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Higher oil prices, stimulus plan to buoy FDI into Oman: Report


Oman’s merchandise exports are projected to grow several notches in 2021 boosted by a substantial uptick in international oil prices coupled with a modest increase in output, according to Fitch Solutions Group, an affiliate of Fitch Ratings.

The UK-based think-tank said in a recent commentary on Oman’s macro-economic outlook that total oil exports are anticipated to grow a significant 32 per cent in value terms in 2021 versus a contraction estimated at about 27 per cent in 2020. In volume terms, total net oil exports are projected to rise by a modest 4.4 per cent in 2021, the research agency stated.

Oil exports accounted for a hefty 57 per cent of total revenue from merchandise exports in 2021 — a figure that’s projected to spike if the price of crude averages $64 per barrel as forecast for 2021, up from $58.0 per barrel previously.

“The recent decision by the OPEC+ alliance to not bring significant additional production back online in March, coupled with Saudi Arabia’s voluntary additional cut of 1.0mn b/d in February, March and April has tightened global supply and signals that OPEC+ is likely to be slower than we had first expected in raising production, pushing prices higher in the near term. As the global economy begins to recover, this will add further support to prices, and allow the OPEC+ countries to begin to ease oil production cuts, including in Oman,” said Fitch Solutions in its analysis.

In its report titled, ‘Rising Oil Prices to Narrow Oman’s Current Account Deficit’, Fitch Solutions also revised its forecast for Oman’s current account deficit to 7.4 per cent of GDP in 2021 from its previous forecast of 11.3 per cent, primarily as a result of higher oil prices.

Also auguring well for an uptick in Omani non-exports is the strong recovery underway in countries that represent key trading partners of the Sultanate, according to the research body.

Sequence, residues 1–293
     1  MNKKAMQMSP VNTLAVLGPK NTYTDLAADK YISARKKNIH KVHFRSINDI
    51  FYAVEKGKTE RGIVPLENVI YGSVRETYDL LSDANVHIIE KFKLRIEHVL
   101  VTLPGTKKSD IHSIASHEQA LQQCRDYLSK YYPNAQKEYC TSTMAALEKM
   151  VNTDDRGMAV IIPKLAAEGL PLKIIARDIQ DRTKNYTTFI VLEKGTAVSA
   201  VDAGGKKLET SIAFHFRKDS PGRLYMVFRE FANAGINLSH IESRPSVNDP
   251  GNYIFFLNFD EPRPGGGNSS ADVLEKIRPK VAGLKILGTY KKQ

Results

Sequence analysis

“We expect that the easing of Covid-19 restrictions among Oman’s key trading partners will see a surge in demand. Crucially, Oman’s key trading partners for non-oil exports are the UAE and Saudi Arabia, who receive 17.7 per cent and 16.4 per cent of Oman’s non-oil exports respectively. We expect that the rapid distribution of the Covid-19 vaccine in both countries in the last few months will support demand for Omani imports,” it stated.

This growth in non-oil exports is expected to be driven by plastics from the Liwa Plastics Industrial Complex, a $6.7-billion petrochemicals project that came into production late last year.

“Although plastics composed only a small fraction of total non-oil exports, accounting for 6.1 per cent in 2019, we expect plastics to become a much more substantial export this year. The Liwa Complex is expected to raise OQ’s polyethylene production capacity to 1.4 million tonnes from 0.9 million tonnes previously,” it noted.

Import growth, on the other hand, is forecast at a minuscule 3 per cent in 2021 versus a sharp contraction of 12 per cent in 2020, the think-tank said, attributing this subdued outlook to continued restrictions on government spending.

“A reduction in capital expenditure will dampen demand for capital goods imports, while limited recurrent spending, including on public sector wages and salaries, will weigh on private sector activity, dampening consumer goods imports.”

The report also foresees an increase, albeit modest, in Foreign Direct Investment (FDI) into the Sultanate as foreign investors weigh the benefits of incentives offered by the Omani government as part of its Economic Stimulus Plan (ESP). Notable is a pledge to waive income tax until end-2022 for investors that register before the end of this year, it added.

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